Tumors that become resistant to one hormone treatment may remain sensitive to an alternative agent with a differing mechanism of action; this may be from the same drug class or from a different drug class. When signs of treatment resistance become apparent, it’s necessary to either switch to a different endocrine agent or add another agent in combination in order to delay the need for cytotoxic chemotherapy.
There are a range of treatments available for use in combination with hormone therapy. It is also possible to combine two hormone therapies with different modes of action. The success of such strategies has been demonstrated in Phase III clinical trials.
At this stage, the discussion lies with how clinicians should manage breast cancers seen in their patients. Should endocrine therapy be used alone or in combination with targeted therapy? Of course, it is important to keep best patient outcome at the heart of the decision while also taking into account patient preference, efficacy and safety.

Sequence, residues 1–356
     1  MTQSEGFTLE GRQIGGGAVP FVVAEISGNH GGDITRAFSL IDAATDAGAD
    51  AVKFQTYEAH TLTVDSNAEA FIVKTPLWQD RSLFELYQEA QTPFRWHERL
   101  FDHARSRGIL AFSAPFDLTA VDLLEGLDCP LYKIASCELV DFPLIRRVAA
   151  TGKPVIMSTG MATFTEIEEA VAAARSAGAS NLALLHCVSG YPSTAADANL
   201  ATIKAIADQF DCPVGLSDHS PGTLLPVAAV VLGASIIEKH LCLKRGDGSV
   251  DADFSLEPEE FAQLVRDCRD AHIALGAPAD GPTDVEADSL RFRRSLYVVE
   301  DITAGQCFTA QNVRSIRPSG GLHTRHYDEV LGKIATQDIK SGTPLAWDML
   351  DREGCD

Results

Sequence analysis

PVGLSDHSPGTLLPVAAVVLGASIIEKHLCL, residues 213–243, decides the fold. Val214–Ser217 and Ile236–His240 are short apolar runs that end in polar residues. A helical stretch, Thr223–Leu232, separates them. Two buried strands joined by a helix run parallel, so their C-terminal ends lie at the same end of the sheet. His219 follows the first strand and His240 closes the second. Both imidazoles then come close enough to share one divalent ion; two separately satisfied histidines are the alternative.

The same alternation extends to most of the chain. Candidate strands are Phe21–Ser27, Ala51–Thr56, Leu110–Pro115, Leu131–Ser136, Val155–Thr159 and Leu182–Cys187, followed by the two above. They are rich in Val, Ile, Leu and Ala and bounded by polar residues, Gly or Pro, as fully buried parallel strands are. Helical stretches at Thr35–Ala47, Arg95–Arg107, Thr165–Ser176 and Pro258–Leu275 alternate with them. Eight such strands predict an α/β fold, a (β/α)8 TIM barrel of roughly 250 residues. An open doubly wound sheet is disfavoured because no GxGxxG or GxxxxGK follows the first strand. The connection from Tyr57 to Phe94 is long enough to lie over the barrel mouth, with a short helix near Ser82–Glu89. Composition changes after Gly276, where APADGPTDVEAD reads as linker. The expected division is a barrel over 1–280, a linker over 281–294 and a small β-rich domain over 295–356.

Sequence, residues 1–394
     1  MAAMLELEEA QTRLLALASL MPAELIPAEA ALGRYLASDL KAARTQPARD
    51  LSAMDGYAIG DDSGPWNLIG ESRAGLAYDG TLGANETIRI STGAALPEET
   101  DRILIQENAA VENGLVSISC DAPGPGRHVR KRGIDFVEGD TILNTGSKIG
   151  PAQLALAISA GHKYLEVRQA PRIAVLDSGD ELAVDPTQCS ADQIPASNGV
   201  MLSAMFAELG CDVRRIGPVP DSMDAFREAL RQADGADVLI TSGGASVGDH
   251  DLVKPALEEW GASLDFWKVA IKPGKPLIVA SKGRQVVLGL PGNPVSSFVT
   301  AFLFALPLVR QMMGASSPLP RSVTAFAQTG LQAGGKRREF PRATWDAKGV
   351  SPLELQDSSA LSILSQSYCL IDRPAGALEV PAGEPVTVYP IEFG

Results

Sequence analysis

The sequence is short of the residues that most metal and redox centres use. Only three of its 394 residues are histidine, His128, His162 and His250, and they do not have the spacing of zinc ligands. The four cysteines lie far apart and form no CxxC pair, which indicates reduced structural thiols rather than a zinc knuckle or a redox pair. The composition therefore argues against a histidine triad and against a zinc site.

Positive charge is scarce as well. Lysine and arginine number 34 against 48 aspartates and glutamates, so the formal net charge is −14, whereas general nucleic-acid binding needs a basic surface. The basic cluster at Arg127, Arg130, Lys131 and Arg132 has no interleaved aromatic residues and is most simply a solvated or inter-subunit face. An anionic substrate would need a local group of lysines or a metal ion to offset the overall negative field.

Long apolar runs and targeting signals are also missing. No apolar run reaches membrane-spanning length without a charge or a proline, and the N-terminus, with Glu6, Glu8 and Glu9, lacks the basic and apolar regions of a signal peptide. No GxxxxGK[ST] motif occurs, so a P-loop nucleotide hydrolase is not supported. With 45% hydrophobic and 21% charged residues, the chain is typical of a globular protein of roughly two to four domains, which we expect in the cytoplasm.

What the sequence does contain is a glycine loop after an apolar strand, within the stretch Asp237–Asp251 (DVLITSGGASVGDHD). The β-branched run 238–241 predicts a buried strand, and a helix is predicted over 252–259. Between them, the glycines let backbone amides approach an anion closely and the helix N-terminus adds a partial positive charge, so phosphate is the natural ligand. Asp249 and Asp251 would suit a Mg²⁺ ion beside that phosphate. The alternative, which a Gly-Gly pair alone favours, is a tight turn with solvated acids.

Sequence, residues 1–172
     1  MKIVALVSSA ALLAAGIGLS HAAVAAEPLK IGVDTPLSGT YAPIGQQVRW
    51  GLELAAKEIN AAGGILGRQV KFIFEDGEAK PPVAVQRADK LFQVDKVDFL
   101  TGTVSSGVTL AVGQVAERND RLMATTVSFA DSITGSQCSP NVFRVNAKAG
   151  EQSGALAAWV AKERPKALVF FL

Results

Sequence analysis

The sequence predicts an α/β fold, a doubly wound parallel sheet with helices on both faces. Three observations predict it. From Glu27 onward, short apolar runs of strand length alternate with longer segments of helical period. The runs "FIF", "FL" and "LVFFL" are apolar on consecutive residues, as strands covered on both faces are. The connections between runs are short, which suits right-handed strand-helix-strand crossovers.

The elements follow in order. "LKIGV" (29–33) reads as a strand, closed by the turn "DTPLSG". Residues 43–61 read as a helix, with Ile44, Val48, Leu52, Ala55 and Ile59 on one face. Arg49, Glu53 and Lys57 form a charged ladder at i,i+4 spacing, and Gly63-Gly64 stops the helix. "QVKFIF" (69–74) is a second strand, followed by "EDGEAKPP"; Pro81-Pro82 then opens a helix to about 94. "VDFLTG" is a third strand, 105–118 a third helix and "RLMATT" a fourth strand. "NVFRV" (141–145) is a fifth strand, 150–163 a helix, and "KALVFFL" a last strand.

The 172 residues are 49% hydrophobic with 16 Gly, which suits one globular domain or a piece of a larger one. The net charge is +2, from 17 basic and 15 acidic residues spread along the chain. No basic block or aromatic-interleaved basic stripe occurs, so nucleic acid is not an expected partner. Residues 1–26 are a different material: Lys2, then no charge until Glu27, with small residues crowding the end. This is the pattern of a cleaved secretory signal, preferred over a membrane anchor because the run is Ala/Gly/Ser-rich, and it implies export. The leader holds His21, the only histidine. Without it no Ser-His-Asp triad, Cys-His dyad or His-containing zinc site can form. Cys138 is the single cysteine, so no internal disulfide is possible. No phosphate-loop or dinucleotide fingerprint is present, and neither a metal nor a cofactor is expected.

A variety of hormonal agents are available for the treatment of ER+ metastatic breast cancer. Despite having a range of different mechanisms of actions, all hormonal treatments act to reduce estrogen levels or estrogen signalling. Such hormonal therapies provide effective tumor control when administered as monotherapy.
However, should a greater treatment response be required, eg, if the tumor develops resistance, they can also be used in combination with another medicine, which may be a different hormonal agent or a different type of anti-cancer drug. Hormonal therapies are better tolerated than cytotoxic chemotherapies and so patients receiving hormonal therapies experience fewer and less severe side effects. Hormone therapies thus provide patients with ER+ metastatic breast cancer good tumor control paired with very good quality of life.